S1E13 - Calislandland
Tur-Toise the terrific is one of the two founders of Newton’s Dark Room. You can actually read about the founding of NDR at newtonsdarkroom.com/history. Even though he played an important roll in its construction, now he is retired. He hasn’t contributed creatively in some time. He still lives on Calisland, but he mostly keeps to himself, reading books in the library or going deep sea spearfishing.
One day, Tur-Toise was hanging out in his office when he threw the door open and burst out. His office was right at the top of the two arching stairs you see when you enter the Foyer. He burst out at the tops of these stairs and announced to the whole collective “I have an idea!”
Now, when Tur-Toise has an idea, you listen. That’s just one of those unspoken rules around here. We all gathered in the foyer and at the top of those stairs, Tur-Toise began his presentation. He dragged out a chalkboard from his office. It was poorly erased and the pale leftovers littered the board. Still, this was his medium of presentation.
The basic premise was this. Tur-Toise wanted to build an amusement park, right here on Calisland. He would either call it Newton’s Dark Room Land or Calislandland, he wasn’t sure which yet. Sophie Rivera raised her hand to point out that both of those names were terrible, but her comment got lost in the hubbub.
The amusement park would have all kinds of rides showcasing some of our members and Intellectual Properties. For example, there was going to be a large pinball-like machine where attendees crawl into this giant orb and then get smacked around in a simulated game of marbles. The ride would be called Crash, The Cosmic Coaster. Sophie once again raised her hand to point out that this wasn’t a coaster, but this time she wasn’t even called on. Tur-Toise moved on to his next idea.
This one would a dark ride. People would hop on this cart that looked like a cloud and they would hover over the entire American countryside. The sets would all be painted by S. Owen Sow and they would depict his life on the clouds.
There were a few other things here and there, a water ride based on the fictional island in our first EP, Pepnia, a Roomba petting zoo, stuff like that. The crown jewel of Calislandland, however, was going to be an immersive world based on the Pantheon of Main Street Mythology. You could walk into the Pantheon, see the dining table, go to shows put on by Ivium, take pictures with your favorite gods. It was going to be the largest amusement park built on an island! Well, in California at least.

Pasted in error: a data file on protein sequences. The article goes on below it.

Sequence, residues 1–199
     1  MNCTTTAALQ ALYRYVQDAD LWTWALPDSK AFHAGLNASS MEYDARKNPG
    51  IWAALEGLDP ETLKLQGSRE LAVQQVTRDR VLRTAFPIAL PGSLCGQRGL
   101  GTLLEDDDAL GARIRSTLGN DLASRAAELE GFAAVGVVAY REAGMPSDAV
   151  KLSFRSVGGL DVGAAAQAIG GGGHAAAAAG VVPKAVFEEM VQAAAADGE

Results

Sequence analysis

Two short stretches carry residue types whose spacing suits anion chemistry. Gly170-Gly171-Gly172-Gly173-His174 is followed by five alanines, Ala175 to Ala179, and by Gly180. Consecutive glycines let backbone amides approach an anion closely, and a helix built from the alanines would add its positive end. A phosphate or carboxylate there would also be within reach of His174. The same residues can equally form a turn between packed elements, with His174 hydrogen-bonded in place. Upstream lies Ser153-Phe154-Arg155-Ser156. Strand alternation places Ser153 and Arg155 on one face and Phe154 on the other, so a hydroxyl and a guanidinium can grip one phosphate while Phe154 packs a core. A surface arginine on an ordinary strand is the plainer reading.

Most people, myself included, were extremely excited and inspired. We were all talking about even more ideas that we could add to the park. It was a grand hodgepodge of inspiration. For everyone, that is, except Sophie Rivera. She spent the rest of the evening saying things like “Guys really?” and “This seems ridiculous.” and of course “Aren’t we already working on a million other things?”
Nobody paid much attention to her, except to say “It’s fine, it’s fine.” She went huffing off into the other room, fed up with our so-called “naive” excitement. With all the nay-sayers out of the room, we were able to get to work.
While Tur-Toise is inspired and intelligent, he is not a great manager. He has a very independent, every-person-for-themselves kind of leadership style. He ended that meeting on the stairs by loudly shouting “Let’s make Calislandland!” to which everyone cheered and then went running off in different directions. Some people started sketching and drawing up blueprints, but that was only like two people: S. Owen Sow and Sumpra. Everyone else was really excited about building. We all ran to the garage, grabbed hammers and wood and nails and just started smacking stuff together. There wasn’t enough hammers for everyone though, which caused a bit of turmoil amongst the group. Who should have a hammer? Is it first come first serve? Or maybe the most experienced individual should do the work? In the end, we came up with a compromise. People who already had a hammer could keep theirs. Those who didn’t would use a blowtorch to affix two pieces of wood.
This didn’t end well. A small fire may or may not have been started in the garage. Luckily AI 4-82 was able to trigger the sprinklers in time putting it out, getting us all soaked in the process. After this, we all agreed it would be best to only have some of us building. The rest would paint!
We spent the rest of the afternoon cobbling things together, everyone painting whatever color they felt like. I must admit, it was a lot of fun. At the end of the day, we wiped the sweat from our brows and sat down to a lovely turkey dinner put together by the Calisland Caretakers.